This, too, has a high level of severity because unhealthy organs can also threaten the patient’s life. However, is this likely? Probably not, because if these people are having a doctor transplant this organ, and having people check to see if it’s compatible with their bodies: They’re most likely going to notice if the organ is unhealthy. By extension, this also has low breadth. Again, high severity. Low likelihood and breadth.
Forced organ harvesting directly impacts death, which means that this contention, too, has high severity. What about breadth? Probably not too many people are going to be affected by this, however, it will still outweigh the amount affected in the status quo, so either way, it outweighs the Government team. However, the problem with this argument is the likelihood. Is it likely that this will increase because you’re allowed to legally sell organs? Most likely not if the reason you’re arguing that this will increase is because the sale is legal, because either way, forced harvesting is extremely illegal. High severity. Low breadth, but outweighs Gov. Very low likelihood.
Severity? High. Likelihood? Also high. Breadth? Again, very high. Duration? Probably going to last for as long as this motion does.
After weighing these arguments, we can gauge that the order of their strength is: 4, 3, 1, 2.
Using that ordering, you would then, ideally, give the strongest two contentions to the first speaker-- that being disproportionately harming the poor and forced organ harvesting-- and the third strongest to the second speaker-- selling vital organs.
And there you have it! That’s how you come up with arguments! Next stop, how to write them! You’re going to want to read over that document as well, even if you think you know how to write a persuasive speech, because trust me, debate arguments are quite a bit more nuanced than they look. For any questions, send us a DM @equalproposition on Instagram or an email at firstname.lastname@example.org.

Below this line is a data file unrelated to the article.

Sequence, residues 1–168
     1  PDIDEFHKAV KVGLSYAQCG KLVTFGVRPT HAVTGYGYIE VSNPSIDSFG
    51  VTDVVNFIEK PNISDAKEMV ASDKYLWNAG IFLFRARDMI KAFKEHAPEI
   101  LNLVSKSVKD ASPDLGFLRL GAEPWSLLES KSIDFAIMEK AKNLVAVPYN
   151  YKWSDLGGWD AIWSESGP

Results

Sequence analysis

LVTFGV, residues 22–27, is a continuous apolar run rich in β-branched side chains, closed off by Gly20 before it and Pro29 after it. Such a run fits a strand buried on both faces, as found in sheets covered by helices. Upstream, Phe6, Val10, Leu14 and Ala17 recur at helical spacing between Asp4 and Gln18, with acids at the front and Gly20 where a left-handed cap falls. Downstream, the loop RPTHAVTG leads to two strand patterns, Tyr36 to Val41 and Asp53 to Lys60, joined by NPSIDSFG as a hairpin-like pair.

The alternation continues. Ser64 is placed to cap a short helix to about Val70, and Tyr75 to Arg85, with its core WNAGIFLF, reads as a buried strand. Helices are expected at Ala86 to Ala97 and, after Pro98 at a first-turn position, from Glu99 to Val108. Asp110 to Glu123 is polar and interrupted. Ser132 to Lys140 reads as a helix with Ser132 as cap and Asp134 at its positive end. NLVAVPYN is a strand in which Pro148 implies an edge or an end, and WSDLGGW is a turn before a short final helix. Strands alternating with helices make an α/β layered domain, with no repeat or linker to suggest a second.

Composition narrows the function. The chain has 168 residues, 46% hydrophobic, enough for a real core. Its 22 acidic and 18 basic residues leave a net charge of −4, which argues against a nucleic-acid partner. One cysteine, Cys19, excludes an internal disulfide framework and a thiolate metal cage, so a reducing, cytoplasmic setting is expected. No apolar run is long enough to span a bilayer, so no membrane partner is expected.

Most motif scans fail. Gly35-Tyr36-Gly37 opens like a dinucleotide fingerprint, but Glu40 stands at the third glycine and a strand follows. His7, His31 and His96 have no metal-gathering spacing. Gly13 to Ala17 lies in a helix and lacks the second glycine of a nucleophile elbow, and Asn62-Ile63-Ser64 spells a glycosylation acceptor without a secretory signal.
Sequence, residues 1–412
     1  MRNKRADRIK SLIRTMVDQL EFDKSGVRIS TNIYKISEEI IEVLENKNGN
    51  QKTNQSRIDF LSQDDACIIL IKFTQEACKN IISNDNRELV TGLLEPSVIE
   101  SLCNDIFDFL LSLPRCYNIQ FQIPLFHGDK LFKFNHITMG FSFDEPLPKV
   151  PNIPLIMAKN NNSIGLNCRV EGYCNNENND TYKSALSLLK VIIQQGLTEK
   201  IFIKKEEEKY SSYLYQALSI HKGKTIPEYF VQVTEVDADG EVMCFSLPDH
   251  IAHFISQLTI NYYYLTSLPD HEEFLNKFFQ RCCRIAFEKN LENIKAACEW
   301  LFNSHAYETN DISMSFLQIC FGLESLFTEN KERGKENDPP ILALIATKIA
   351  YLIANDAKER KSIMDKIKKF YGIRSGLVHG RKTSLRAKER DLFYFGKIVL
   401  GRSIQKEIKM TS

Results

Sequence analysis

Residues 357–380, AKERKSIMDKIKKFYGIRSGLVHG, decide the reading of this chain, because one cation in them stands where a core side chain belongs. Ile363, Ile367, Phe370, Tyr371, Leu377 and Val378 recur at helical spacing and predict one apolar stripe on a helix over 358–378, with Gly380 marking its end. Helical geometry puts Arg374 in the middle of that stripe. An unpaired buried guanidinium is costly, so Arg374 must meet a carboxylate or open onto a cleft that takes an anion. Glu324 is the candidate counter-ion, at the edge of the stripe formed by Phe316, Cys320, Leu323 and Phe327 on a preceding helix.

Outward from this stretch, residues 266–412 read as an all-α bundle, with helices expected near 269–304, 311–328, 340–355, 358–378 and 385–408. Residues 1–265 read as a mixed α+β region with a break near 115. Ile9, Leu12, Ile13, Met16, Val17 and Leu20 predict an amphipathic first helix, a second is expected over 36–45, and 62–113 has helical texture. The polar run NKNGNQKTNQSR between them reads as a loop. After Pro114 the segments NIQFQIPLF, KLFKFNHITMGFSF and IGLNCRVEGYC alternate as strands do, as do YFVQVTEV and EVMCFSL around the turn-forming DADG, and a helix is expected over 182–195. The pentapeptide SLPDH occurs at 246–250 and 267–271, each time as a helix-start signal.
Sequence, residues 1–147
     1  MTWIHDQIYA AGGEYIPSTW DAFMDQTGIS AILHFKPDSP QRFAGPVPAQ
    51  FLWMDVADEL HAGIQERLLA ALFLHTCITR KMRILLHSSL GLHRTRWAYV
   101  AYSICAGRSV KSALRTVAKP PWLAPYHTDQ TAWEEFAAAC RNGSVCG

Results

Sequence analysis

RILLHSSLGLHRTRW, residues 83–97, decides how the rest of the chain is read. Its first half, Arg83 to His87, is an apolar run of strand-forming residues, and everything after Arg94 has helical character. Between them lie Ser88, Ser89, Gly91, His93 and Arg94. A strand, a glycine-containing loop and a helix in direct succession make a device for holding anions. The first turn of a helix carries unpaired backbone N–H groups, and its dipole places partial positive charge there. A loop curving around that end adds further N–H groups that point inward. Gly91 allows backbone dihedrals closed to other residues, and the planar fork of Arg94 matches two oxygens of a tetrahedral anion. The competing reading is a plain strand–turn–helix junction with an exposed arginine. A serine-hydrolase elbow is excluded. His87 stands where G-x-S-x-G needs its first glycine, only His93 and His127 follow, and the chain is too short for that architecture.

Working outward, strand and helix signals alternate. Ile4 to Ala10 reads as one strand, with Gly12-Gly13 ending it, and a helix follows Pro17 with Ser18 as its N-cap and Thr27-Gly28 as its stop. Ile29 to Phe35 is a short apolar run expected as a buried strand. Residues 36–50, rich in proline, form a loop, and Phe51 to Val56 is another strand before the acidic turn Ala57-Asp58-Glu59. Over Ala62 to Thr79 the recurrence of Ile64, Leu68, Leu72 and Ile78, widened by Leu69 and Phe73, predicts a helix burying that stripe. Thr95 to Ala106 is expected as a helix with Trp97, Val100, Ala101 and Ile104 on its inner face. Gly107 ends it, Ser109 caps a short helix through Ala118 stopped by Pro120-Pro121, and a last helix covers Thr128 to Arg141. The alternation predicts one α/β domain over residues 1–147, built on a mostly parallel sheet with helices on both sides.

*Typically called ‘spec” in the debate community
**For many impromptu rounds, you’re probably not going to be allowed to have any notes during your prep, but writing it down still helps retain information and can help you lots during prepared rounds as well. I remember being in the middle of a round and having absolutely no idea how to reconstruct the argument that would win us the debate after the opponents argued to implement a motion through deficit spending instead of taxes. Suddenly, I remembered something from my knowledge bank doc, down to the exact position on the page. It was a piece of econ spec that specifically explained why Keynesian theory doesn’t work. I went on to use it to build up a piece of reconstruction that our opponents couldn’t refute, and we ended up winning the round on that argument.
***We’ll cover counterplans a bit later on, but I wouldn’t suggest going for them as a beginning debater. I know, I know! It’s so enticing! But trust me when I say: It’s incredibly easy to mess up. However, if you’re anything like me, you’re probably going to ignore my advice and try it anyways to learn from experience. In that case, I can only give you a few key reminders: a) Make sure it’s mutually exclusive with the motion, or the Gov can just say “yeah well we can do that, too.” b) Do not rely solely on the counterplan. You should have AT LEAST, one, strong contention that can help you stand your ground even if your counterplan falls.
Briana Lu is a co-founder of Equal Proposition.